Mass "die-ins," three-day sit-ins, and countless arrests later, these activists say: "The fight for our lives is on for the foreseeable future.”
Mia Ives-Rublee. Photo by David Moriya of Rogue Photo.
In June, Anita Cameron and 82 other activists staged a “die-in” outside of Senator Mitch McConnell’s office. They were protesting the newest draft of the GOP's Senate health care bill, which would make severe cuts to Medicaid. For Cameron and her co-protesters, most of whom had disabilities, the fight was deeply personal: The federal program insures 30 percent of adults with disabilities.
Seeking to call attention to the legislation's life-threatening consequences, Cameron and other activists with disabilities removed themselves from their wheelchairs and laid on the floor outside of Senator McConnell’s office. Astounding footage taken that day and posted to social media shows what happened next: Protesters, including Cameron, were ripped from their wheelchairs and physically dragged from the room. In all, 43 people were arrested and charged with crowding and obstruction, among other things.
When it came to protesting Congress’s ongoing attempts to repeal the Affordable Care Act, also known as Obamacare, disabled women were at the forefront of the fight, often putting their bodies on the line. Life-long disability right activists and first-time protestors alike have spent the past year mobilizing in response to the growing threat of losing affordable healthcare, which would have been financially devastating and life-threatening for many with disabilities. The GOP's proposed health care bill would have instated a cap on federal funding for state Medicaid programs, meaning that states would have to greatly reduce their provided services, very likely leaving many people with disabilities in enormous debt and without the means to live independently.
Cameron, a queer black woman who uses a motorized scooter, is one of those aforementioned lifelong activists. She joined ADAPT, a national grassroots group of disability rights activists, in 1986 and has been arrested 132 times for participating in direct actions. This year alone, Cameron participated in approximately 12 ADAPT protests and was arrested on nine occasions, she told Broadly. Although this year was particularly grueling, she said it's all been worth it: “For me, it’s all about being out there for the folks who can’t, the folks who won’t, and the folks who don’t know.”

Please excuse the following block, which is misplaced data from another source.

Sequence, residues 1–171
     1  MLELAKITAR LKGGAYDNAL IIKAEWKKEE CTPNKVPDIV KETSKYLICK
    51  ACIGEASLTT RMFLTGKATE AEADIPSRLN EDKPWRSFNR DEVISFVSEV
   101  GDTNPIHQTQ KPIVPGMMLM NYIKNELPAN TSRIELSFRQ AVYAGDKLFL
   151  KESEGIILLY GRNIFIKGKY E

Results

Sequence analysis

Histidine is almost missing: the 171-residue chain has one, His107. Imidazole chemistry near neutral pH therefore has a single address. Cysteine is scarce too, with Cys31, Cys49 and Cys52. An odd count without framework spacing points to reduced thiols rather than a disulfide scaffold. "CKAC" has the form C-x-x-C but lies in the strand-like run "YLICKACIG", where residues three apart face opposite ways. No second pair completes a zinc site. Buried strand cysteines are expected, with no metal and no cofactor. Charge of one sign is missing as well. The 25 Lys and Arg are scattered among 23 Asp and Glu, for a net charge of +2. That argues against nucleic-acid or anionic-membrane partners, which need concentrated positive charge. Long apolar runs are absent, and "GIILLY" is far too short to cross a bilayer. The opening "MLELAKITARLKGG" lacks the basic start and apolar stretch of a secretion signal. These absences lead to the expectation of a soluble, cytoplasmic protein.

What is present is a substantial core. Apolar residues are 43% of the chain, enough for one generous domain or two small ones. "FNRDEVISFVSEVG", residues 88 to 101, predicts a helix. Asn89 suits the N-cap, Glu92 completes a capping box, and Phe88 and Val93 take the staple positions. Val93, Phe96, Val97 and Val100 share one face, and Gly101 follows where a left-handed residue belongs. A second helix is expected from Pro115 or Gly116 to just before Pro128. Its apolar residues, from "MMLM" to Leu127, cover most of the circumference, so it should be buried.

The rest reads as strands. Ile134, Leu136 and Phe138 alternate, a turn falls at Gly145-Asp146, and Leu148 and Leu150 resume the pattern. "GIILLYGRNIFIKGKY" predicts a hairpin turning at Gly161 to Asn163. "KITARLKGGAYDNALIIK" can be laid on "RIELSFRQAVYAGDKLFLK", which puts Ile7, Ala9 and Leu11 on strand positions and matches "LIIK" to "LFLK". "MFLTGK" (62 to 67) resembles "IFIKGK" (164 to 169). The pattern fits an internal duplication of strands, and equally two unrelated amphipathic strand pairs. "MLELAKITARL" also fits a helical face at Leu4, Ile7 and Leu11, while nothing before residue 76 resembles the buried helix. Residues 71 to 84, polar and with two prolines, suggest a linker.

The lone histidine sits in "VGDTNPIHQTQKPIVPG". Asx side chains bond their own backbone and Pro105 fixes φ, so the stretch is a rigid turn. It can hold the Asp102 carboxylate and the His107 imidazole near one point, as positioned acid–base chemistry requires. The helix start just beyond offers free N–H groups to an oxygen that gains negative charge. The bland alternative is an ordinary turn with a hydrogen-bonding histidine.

Stephanie Woodward, who has a mobility disability, was also arrested during the June "die-in." During Woodward's arrest, fellow activist Colleen Flanagan snapped a photograph of her hands zip-tied behind her wheelchair, which went viral online due to the way it seemed to visualize the cruelty of the proposed bill. Woodward is also an ADAPT organizer, as well as the director of advocacy at the Center for Disability Rights. “Prior to 2017, I had, I think, eight arrests on my record, and I believe I’m up to 17 arrests now,” Woodward said. During the die-in, she added, 28 out of the 43 who were arrested were women.
Before this year, Flanagan, who also uses a wheelchair and identifies as a lifelong disability rights activist, had never been arrested. But in the face of recent threats to health care, she felt she had no choice. This past year, she was arrested six times while protesting the repeal of Obamacare and cuts to Medicaid. Flanagan’s most recent arrest was in September, when she and other protestors temporarily shut down a Senate hearing about repealing Obamacare, chanting, “No cuts to Medicaid! Save our liberty!”
“I am forever grateful to the ADAPT activists who put their body on the line to make my life better,” Flanagan said. “It was an honor to do the same for future generations of people with disabilities this year, as well as remind the world of the fact that when disability rights are under attack, you can count on ADAPT to fight back.”